Police brutality has become an epidemic in the United States. Even amidst protests in all 50 states, far too many police officers have continued to use excessive and unwarranted force during peaceful demonstrations and simple traffic stops. However, there are various legal precedents that protect officers from liability that can make it difficult to file a lawsuit.
The personal injury attorneys at our firm have experience with these types of cases. If you were recently injured by an officer, a Toledo excessive force and police misconduct lawyer may be able to help you file suit for damages.
Although state and federal laws do not explicitly prohibit police officers from using excessive force, it is illegal for an officer to violate a citizen’s constitutional rights. According to 42 United States Code §1983, individuals can pursue civil litigation against anyone who violates the “rights, privileges, or immunities” guaranteed to someone else by the U.S. Constitution. However, this federal statute only applies to cases in which an officer’s excessive force violates federal protections offered to U.S. citizens.
Ohio Revised Code §2921.45 states that any interference with the civil rights guaranteed under state law is a class A misdemeanor offense. A local police brutality attorney could help you determine under which jurisdiction you may have grounds to file suit.
In a civil suit, the courts must determine whether an officer used “excessive” force given the specific circumstances of the case.
When determining if the use of excessive force was justified, the courts take into consideration whether you tried to resist arrest or the officer reasonably feared for their safety. Additionally, court officials may take into account the severity of the crime you were accused of committing.
In certain cases, it may be possible to file suit against a police officer who witnessed the excessive force and failed to intervene. To achieve a successful outcome in this kind of case, you would have to demonstrate that the officer in question had both a duty and a reasonable opportunity to stop the other person from violating your constitutional rights, and chose not to intervene.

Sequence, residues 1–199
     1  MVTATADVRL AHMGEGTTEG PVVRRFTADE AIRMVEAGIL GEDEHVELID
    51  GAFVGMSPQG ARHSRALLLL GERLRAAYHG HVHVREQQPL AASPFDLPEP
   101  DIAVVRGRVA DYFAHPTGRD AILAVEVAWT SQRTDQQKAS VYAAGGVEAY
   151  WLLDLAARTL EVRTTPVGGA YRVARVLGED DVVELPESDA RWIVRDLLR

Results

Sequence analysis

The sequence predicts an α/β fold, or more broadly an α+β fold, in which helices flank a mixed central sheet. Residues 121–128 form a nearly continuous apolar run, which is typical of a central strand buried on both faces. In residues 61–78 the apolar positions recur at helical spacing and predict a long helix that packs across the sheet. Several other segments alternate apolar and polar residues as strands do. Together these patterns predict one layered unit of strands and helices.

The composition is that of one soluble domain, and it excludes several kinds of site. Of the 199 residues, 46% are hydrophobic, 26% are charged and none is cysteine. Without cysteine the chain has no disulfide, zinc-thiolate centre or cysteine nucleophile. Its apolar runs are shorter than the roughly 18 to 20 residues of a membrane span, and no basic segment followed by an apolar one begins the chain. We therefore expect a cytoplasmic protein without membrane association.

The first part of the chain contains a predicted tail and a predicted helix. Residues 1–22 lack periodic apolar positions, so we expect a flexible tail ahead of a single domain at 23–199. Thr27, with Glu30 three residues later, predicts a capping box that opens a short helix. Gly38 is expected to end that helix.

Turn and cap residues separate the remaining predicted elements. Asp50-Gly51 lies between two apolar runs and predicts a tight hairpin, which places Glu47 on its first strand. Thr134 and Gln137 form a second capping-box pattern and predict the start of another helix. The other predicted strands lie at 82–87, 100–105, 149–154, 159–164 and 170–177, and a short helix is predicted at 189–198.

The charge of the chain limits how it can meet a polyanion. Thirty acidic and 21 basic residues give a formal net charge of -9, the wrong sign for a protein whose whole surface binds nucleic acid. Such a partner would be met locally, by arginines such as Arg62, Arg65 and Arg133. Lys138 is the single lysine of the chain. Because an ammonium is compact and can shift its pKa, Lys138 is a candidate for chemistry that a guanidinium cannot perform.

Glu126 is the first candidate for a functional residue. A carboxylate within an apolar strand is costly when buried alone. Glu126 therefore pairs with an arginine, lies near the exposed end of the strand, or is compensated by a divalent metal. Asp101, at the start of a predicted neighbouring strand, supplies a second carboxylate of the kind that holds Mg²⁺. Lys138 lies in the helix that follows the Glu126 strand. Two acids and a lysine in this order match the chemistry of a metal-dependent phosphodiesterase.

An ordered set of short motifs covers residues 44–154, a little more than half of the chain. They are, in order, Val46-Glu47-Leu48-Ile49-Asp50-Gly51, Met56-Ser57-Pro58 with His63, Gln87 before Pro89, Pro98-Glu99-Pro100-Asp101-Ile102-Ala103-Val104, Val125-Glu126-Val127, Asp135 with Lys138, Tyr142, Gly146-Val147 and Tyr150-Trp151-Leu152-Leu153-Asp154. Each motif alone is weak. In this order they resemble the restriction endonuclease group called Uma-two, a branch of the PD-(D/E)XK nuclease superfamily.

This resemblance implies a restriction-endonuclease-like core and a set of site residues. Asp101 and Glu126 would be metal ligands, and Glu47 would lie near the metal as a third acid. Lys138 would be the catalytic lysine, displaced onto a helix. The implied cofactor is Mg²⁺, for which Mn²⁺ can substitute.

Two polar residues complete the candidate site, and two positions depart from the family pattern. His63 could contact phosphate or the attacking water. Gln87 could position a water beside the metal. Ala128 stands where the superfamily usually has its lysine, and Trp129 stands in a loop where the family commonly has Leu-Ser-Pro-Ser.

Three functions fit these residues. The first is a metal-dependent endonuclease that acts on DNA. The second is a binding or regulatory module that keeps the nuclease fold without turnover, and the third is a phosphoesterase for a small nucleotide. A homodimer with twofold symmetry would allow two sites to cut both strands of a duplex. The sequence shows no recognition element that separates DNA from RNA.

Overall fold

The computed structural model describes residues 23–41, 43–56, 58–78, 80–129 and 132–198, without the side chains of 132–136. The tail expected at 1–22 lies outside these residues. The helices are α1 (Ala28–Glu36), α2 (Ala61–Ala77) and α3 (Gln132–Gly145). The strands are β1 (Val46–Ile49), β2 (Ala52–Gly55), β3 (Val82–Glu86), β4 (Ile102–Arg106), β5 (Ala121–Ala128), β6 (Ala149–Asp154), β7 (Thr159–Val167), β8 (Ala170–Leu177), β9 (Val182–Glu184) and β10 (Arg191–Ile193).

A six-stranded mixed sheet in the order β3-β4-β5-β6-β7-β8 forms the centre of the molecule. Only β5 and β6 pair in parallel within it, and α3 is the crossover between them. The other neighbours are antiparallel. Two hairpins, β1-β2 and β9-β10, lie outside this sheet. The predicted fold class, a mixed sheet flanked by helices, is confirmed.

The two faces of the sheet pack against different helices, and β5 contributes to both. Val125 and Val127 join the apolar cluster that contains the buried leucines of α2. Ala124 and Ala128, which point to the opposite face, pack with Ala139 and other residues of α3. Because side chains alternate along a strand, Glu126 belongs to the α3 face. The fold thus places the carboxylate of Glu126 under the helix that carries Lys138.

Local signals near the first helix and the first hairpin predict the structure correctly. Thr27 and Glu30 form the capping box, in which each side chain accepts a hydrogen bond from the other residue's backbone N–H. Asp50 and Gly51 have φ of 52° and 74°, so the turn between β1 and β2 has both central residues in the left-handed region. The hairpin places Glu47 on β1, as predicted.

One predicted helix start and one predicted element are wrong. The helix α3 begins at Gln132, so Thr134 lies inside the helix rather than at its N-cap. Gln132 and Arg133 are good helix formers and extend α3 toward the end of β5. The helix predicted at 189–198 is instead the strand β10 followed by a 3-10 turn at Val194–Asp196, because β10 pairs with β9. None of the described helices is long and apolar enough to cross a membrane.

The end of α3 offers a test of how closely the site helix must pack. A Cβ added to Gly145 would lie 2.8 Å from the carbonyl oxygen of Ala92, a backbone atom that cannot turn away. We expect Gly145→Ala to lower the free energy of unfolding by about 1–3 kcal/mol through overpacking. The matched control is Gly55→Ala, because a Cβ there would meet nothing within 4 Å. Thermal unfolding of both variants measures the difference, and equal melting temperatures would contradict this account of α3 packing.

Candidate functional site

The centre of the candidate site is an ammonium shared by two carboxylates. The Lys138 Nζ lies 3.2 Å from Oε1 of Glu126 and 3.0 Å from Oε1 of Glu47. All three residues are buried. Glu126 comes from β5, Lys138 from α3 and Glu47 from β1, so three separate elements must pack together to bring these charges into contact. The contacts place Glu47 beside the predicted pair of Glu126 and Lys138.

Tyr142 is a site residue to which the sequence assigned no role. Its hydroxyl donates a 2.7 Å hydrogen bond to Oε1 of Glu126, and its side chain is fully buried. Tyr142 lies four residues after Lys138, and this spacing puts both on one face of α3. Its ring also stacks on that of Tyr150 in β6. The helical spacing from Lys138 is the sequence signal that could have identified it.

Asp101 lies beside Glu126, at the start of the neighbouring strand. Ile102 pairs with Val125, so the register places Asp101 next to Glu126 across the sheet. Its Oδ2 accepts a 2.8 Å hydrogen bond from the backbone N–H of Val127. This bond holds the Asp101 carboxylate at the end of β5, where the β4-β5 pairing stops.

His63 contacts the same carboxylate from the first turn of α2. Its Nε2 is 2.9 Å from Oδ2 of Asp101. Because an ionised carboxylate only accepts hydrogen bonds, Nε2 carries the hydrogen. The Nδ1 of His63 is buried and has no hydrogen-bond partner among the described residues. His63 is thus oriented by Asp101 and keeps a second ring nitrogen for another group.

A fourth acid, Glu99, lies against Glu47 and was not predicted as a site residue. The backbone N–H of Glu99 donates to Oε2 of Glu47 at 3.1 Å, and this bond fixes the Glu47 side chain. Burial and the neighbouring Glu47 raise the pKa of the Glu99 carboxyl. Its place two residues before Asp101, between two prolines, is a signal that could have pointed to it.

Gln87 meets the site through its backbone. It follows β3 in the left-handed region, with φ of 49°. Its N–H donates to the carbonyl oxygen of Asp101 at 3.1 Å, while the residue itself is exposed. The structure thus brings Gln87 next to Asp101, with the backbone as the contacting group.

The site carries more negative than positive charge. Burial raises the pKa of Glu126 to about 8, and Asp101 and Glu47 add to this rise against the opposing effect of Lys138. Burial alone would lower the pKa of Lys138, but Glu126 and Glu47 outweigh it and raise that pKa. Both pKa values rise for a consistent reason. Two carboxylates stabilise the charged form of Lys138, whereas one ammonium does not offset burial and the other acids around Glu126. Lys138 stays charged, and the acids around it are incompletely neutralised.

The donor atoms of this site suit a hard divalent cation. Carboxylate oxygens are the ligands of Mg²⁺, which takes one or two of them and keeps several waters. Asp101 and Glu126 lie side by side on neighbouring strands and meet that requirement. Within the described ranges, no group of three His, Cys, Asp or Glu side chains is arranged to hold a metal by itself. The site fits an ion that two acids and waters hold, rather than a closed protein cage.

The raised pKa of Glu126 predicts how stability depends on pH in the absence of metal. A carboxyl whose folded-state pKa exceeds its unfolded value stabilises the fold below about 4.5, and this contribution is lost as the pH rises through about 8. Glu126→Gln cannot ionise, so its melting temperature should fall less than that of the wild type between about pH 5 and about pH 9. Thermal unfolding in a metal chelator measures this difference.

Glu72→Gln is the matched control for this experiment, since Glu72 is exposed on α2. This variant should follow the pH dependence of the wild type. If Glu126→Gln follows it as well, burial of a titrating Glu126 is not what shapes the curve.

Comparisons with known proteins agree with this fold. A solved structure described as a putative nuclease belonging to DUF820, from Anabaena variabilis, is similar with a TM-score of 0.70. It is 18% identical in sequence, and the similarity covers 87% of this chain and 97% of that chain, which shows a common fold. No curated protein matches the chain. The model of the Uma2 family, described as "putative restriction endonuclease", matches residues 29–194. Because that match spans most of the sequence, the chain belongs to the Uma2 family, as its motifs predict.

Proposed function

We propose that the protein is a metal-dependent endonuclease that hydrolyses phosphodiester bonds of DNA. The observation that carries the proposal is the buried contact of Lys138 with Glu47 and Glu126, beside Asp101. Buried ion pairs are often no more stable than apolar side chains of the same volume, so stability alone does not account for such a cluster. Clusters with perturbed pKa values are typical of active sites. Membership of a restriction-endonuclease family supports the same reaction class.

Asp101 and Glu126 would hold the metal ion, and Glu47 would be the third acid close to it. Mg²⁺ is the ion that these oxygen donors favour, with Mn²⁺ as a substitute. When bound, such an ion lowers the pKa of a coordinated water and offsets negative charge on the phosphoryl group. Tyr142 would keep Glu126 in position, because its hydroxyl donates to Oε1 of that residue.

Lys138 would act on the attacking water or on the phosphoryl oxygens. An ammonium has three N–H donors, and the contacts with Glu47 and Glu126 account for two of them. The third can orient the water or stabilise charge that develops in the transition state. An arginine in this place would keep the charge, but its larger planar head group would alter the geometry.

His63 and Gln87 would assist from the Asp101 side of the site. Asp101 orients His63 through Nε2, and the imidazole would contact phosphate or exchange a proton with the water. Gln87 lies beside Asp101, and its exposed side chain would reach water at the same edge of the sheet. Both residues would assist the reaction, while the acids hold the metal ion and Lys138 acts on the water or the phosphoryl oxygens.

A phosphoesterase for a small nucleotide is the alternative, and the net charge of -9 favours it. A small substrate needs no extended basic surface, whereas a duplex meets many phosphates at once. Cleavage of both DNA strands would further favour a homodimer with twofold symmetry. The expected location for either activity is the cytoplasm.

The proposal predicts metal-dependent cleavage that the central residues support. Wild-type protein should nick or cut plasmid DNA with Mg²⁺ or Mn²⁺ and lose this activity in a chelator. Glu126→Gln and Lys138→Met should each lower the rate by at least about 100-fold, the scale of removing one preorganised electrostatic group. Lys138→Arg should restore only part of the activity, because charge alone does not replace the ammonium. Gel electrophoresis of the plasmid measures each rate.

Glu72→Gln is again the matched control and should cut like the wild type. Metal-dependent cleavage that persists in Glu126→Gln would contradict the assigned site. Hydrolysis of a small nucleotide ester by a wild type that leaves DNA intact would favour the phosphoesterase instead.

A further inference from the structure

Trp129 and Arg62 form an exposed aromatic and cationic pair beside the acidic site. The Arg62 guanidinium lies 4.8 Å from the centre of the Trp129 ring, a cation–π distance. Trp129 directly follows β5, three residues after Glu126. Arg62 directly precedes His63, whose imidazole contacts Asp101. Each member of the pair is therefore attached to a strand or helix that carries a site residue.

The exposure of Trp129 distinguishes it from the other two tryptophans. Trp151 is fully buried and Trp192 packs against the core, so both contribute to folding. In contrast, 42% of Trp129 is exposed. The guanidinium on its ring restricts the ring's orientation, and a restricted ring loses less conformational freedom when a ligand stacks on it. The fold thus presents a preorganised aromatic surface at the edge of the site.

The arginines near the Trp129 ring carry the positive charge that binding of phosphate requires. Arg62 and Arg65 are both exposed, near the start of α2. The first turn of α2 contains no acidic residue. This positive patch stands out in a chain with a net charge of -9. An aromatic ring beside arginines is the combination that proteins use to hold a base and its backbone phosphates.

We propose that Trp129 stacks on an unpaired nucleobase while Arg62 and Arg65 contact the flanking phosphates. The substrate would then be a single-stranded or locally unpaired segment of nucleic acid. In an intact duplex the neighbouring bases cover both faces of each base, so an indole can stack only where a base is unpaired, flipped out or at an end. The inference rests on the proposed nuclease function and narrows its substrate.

The concept known as “qualified immunity” states that police officers can only be held liable for violating a “clearly established” constitutional right. Municipal authorities can only be sued for police misconduct if an official policy or unofficial pattern of behavior led to an instance of excessive force. A police misconduct lawyer in the area could clarify how these restrictions may impact recovery in a particular case.
In recent years, police brutality has become a much larger issue in the American political landscape. Decades of police misconduct have culminated in widespread protests following the death of George Floyd in 2020. Unfortunately, various legal protections can make it difficult to file suit against a police officer for excessive force.
Working with a qualified Toledo excessive force and police misconduct lawyer could help you achieve a positive outcome in your case. Call our office today to schedule an initial consultation.
Charles E. Boyk Law Offices, LLC
Charles E. Boyk Law Offices, LLC